A bevy of new share classes are cropping up to help advisors comply with the Department of Labor’s fiduciary rule — T, P, and Z to name a few.
Janus recently filed with the Securities and Exchange Commission to launch P and Z share classes for all of Janus’ intermediary funds except money markets.
Both share classes “give lower sales charge options to our intermediary partners,” according to Janus.
Because DOL’s rule is designed to mitigate conflicts of interest, particularly in regard to fees charged to their retirement clients, including retirement plans and IRAs, DOL “is focused on sales commissions and other fees that may not be considered to be in the best interest of the client,” Janus said.
These new Janus P and Z share classes are expected to be available in late March, pending SEC approval.
P shares “coincides with the emerging industry trend of launching lower cost shares as well as added features that aid intermediaries’ objectives of eliminating conflicts of interest,” Janus states, and includes a 25 basis-point 12b-1 fee, similar to other firms’ newly launched “T shares.”
Z shares, also called “clean shares,” do not include embedded commissions and allow intermediary partners to “overlay their own fee options,” Janus explained. These shares are also free of 12b-1, or subtransfer agent fees, which are typically paid to the intermediary, and only include a management fee and other asset manager operational expenses, according to Janus.
The SEC recently issued guidance to help mutual funds streamline the process of offering certain fee structures that are designed to achieve level compensation consistent with DOL’s rule, which takes effect on April 10.
The seven-page guidance, issued by the Division of Investment Management in December, focuses on disclosure issues and certain procedural requirements with offering variations in mutual fund sales loads and new fund share classes.
Fund companies are pursuing new T shares, or “transaction” shares, while others are issuing more traditional front load funds. The transaction share class has no set definition and can vary from fund to fund. Some mutual fund shops refer to T shares and mean a 2.5% load while others refer to T shares as a share class with a scheduled variation. T shares can also be referred to as institutional-type share classes with no payments at all to distributors.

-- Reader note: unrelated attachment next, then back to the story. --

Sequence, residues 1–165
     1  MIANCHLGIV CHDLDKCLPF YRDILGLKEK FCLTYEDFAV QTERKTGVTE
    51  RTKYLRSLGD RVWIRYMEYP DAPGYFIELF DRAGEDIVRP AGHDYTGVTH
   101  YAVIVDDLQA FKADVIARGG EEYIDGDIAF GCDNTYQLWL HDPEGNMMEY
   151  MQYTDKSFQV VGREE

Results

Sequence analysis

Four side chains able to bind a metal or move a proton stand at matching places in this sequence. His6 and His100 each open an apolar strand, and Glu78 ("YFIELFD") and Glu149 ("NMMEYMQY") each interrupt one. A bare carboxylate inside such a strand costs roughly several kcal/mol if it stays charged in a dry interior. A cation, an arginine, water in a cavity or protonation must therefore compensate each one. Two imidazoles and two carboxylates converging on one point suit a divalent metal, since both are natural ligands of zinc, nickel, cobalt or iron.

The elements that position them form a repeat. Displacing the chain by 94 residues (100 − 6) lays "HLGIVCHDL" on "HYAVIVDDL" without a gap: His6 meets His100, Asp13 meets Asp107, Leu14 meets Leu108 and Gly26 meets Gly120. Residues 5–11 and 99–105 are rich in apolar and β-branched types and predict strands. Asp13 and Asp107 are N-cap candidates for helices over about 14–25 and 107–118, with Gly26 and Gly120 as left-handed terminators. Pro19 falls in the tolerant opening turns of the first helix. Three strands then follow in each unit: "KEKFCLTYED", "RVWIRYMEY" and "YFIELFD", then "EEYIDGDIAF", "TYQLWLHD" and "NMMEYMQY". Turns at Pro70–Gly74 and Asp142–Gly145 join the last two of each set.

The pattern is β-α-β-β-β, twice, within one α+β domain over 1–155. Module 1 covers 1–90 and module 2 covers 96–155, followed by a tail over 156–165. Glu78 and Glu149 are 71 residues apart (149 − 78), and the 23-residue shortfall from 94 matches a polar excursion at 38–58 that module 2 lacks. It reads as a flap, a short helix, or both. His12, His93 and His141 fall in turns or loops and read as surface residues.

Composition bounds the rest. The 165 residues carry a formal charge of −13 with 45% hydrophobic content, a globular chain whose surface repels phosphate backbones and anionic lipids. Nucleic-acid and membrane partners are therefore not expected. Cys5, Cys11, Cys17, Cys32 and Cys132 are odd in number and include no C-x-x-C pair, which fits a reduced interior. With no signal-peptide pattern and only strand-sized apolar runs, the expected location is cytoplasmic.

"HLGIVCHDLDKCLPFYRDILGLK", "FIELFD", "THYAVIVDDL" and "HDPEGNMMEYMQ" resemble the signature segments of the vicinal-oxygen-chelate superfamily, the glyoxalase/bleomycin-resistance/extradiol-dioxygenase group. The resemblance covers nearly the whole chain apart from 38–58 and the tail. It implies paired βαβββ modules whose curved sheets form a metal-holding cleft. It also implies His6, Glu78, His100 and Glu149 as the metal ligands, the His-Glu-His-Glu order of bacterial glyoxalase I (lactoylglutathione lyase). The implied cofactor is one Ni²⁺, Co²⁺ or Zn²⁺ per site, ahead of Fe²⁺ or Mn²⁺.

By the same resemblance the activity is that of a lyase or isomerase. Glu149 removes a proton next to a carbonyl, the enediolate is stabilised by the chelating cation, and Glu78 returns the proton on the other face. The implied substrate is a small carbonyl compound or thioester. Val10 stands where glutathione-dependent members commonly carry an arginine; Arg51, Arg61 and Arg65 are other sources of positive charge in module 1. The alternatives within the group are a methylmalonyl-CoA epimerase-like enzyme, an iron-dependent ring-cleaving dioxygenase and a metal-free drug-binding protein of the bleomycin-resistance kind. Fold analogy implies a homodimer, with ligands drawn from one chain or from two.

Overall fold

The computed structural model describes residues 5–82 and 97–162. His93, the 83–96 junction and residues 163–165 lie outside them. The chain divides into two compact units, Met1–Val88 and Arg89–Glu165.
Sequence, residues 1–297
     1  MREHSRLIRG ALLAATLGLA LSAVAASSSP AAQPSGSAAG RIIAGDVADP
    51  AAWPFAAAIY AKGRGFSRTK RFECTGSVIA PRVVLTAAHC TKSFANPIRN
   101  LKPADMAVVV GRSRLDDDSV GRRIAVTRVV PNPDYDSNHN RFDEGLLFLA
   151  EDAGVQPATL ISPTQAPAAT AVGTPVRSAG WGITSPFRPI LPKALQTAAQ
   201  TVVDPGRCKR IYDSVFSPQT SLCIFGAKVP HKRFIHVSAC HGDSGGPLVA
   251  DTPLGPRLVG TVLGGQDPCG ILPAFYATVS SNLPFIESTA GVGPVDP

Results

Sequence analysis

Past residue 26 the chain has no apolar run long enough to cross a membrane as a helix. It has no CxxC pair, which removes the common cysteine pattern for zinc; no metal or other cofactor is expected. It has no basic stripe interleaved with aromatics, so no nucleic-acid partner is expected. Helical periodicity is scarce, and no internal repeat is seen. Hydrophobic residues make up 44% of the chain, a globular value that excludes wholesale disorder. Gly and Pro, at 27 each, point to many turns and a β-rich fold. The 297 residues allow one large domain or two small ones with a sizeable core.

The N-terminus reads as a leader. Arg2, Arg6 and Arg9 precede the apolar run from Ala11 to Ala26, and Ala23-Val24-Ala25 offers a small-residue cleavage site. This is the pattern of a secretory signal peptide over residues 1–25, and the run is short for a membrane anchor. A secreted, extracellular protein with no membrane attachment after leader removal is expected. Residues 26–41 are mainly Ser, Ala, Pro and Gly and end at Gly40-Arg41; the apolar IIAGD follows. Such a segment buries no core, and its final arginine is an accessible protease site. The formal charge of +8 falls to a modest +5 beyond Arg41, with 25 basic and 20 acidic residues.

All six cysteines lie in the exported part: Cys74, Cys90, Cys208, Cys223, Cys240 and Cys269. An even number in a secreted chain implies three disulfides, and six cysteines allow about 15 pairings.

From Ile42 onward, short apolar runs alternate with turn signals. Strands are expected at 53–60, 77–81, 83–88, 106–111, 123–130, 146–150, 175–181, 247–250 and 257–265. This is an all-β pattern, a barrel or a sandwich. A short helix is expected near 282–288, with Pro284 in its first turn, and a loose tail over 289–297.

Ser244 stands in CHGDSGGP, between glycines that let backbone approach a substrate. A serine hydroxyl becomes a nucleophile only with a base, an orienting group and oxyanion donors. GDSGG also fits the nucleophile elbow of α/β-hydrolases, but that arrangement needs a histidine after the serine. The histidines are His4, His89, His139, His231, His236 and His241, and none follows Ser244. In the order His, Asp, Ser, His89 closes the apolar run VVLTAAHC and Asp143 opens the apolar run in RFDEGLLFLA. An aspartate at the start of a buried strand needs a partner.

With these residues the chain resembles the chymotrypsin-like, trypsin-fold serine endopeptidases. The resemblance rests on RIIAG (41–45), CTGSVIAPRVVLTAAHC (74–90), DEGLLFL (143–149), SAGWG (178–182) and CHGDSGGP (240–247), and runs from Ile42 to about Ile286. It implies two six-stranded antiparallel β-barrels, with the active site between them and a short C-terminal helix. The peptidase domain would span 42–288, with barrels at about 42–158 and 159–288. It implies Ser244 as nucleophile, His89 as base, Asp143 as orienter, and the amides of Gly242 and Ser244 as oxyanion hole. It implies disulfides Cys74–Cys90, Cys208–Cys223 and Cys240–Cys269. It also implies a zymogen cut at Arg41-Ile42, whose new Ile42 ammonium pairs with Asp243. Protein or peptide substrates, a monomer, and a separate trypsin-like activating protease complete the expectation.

John Rekenthaler, vice president of research for Morningstar, opined in a recent blog that T shares, which carry a maximum front-end sales charge of 2.5% and an ongoing 12b-1 fee of 0.25%, are good for investors, and that the fund research group expects “that all funds with an A share class will soon introduce a T share.”
All funds with T shares “will offer the same compensation,” he wrote. “They also, as we have seen, will lower investor costs and thereby improve returns, under certain circumstances.”
While T shares offer these benefits, Rekenthaler wrote, and address DOL’s fiduciary concerns by “leveling the playing field with fund commissions, so that advisors won’t face the temptation of choosing among investments that have different payout schemes,” they are “messy.”
Why? “The introduction of T shares means, at least for the time being, even more choice for investors and advisors, even more trade-offs, even more analysis. Mutual funds have come a long ways from the days when they were available in only two flavors: no-load and front-end load.”
As to Z or “clean shares,” Diane McCarthy, a partner at Drinker Biddle & Reath, wondered in a recent client alert the extent to which other share classes “may continue to coexist with clean shares.”
Class T shares, she said, “generally have a sales load that is lower than other existing share classes and, with some exceptions, charge Rule 12b-1 and servicing fees, but they permit each intermediary to determine the sales loads that will be charged on fund shares as long as the charges are the same for each intermediary.”
Brokers that might otherwise have preferred T shares, she continued, “may instead prefer clean shares, and other share classes that charge loads may become less attractive as the intermediary industry continues to restructure business operations in light of the DOL fiduciary rule.”
— Check out 3 IRA Transactions Exempt From DOL Fiduciary Level Fee Rule on ThinkAdvisor.